Income Tax Situation

Topics: Taxation in the United States, Income, Itemized deduction Pages: 12 (2297 words) Published: February 19, 2014

Memo to File

Date: February 09, 2012

Re: Reducing Dr. Kevorkian’s tax liability from passive investments before year’s end.

Facts:In 2010 Dr. Kevorkian had the following transactions: He has active income, from medical practice of $150,000 (active income). He expects to receive $10,000 in interest and dividends (portfolio income). He invests $100,000 in Limited, a limited partnership (passive income). Limited lost money and Dr. Kevorkian’s share of the loss is $15,000.

In 2011 Dr. Kevorkian has the following:
He has been informed that his share of Limited’s losses will be $10,000. In January of 2011 he opens his own laboratory which will generate $30,000 of income, and he spends 320 hours managing the lab.


1. How to reduce Dr. Kevorkian’s tax liability?
2. Should Dr. Kevorkian invest more time in the laboratory, making that an active income activity?


§ 465 Deductions limited to amount at risk.
Dr. Kevorkian invested $100,000 in Limited, a passive activity; in 2010 but he is not a material participant; should he invest more time in the laboratory that he set up for himself it would change the definition from passive income to active income. Therefore, his at-risk amount of $100,000 invested in Limited could not be reduced if he chooses to invest more time in his laboratory. Based on the participation level now both activities are labeled to be passive if he should invest more time he could change that definition. The lab is generating income of $30,000, if he should invest more time in the laboratory, then he could not take advantage of his losses from Limited $15,000 in 2010 and $10,000 in 2011. His at-risk amount was $100,000, now it could be down to $100,000 - $15,000 (Limited’s loss in 2010) = $85,000; $85,000 - $10,000 (Limited’s loss in 2011) = $75,000. He should report a passive activity credit of $5,000 ($75,000 + $30,000 = $105,000 - $100,000 = $5,000) §469 Passive activity losses and credits limited.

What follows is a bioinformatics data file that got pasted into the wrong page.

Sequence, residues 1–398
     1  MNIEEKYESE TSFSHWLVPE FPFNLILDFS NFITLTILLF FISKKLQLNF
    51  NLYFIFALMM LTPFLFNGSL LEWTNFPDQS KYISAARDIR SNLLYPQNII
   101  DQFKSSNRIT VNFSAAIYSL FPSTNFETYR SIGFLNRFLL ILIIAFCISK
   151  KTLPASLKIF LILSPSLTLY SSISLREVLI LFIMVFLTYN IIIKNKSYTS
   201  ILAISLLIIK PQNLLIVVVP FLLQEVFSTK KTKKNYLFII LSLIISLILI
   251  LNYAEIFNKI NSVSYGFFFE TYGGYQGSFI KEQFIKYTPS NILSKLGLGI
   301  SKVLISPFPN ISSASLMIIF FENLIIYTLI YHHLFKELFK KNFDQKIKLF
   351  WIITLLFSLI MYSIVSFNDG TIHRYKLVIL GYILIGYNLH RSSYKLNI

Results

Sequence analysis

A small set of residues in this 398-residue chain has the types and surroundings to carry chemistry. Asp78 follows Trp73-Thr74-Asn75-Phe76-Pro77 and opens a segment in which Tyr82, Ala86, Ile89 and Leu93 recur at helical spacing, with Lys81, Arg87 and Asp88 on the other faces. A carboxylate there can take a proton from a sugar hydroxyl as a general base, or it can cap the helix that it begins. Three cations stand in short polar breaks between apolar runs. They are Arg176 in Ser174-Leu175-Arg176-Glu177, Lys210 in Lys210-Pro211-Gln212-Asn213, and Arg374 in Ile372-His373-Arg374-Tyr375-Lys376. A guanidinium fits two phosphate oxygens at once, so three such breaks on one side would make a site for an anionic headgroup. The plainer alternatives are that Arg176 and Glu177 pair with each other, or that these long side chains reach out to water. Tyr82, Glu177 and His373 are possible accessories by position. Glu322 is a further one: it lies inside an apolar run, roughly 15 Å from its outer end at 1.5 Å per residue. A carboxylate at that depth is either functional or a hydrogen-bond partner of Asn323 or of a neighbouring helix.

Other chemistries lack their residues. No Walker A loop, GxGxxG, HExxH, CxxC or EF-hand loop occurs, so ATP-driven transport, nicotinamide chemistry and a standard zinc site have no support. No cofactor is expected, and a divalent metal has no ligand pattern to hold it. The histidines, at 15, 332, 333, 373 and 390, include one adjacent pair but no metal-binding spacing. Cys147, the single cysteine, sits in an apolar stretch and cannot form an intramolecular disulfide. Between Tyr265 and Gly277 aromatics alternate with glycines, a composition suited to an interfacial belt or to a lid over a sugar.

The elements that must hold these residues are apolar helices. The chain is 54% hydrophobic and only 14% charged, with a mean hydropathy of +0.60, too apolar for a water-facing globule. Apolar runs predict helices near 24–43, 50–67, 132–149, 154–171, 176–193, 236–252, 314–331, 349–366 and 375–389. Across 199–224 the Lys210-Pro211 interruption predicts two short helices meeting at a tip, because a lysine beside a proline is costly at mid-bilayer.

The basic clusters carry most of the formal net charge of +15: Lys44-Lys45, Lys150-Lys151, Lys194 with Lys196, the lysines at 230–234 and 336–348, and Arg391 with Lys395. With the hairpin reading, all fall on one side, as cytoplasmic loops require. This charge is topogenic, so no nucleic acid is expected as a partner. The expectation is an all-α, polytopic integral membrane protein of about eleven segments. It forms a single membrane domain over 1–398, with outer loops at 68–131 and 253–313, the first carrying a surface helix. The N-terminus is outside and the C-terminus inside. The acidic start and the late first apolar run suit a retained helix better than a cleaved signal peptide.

Code section 469(c) Passive activity defined.
For purposes of this section — in general.
The term “passive activity” means any activity—which involves the conduct of any trade or business, and in which the taxpayer does not materially participate.
§469(d)(1)-(2)(B) Passive activity loss and credit defined. For purposes of this section — Passive activity loss.
The term “passive activity loss” means the amount (if any) by which— the aggregate losses from all passive activities for the taxable year, exceed the aggregate income from all passive activities for such year.— Passive activity credit. The term “passive activity credit” means the amount (if any) by which— the sum of the credits from all passive activities allowable for the taxable year; t he regular tax liability of the taxpayer for the taxable year allocable to all passive activities.

Problem 1

§469(h) Material participation defined.
For purposes of this section — In general.
A taxpayer shall be treated as materially participating in an activity only if the taxpayer is involved in the operations of the activity on a basis which is— regular, continuous, and substantial. §469(j)(9): Election to increase basis of property by amount of disallowed credit. Passive credits are not deductible on disposition.  An election may be made to increase the basis of the disposed property.

Reg §1.469-4(b)(1) Definition of activity. b) Definitions. The following definitions apply for purposes of this section— Trade or business activities. Trade or business activities are activities, other than rental activities or activities that are treated under §1.469-1T(e)(3)(vi)(B) as incidental to an activity of holding property for investment, that— Involve the conduct of a trade or business (within the meaning of section 162); Are conducted in anticipation of the commencement of a trade or business; or involve research or experimental expenditures that are deductible under section 174 (or would be...
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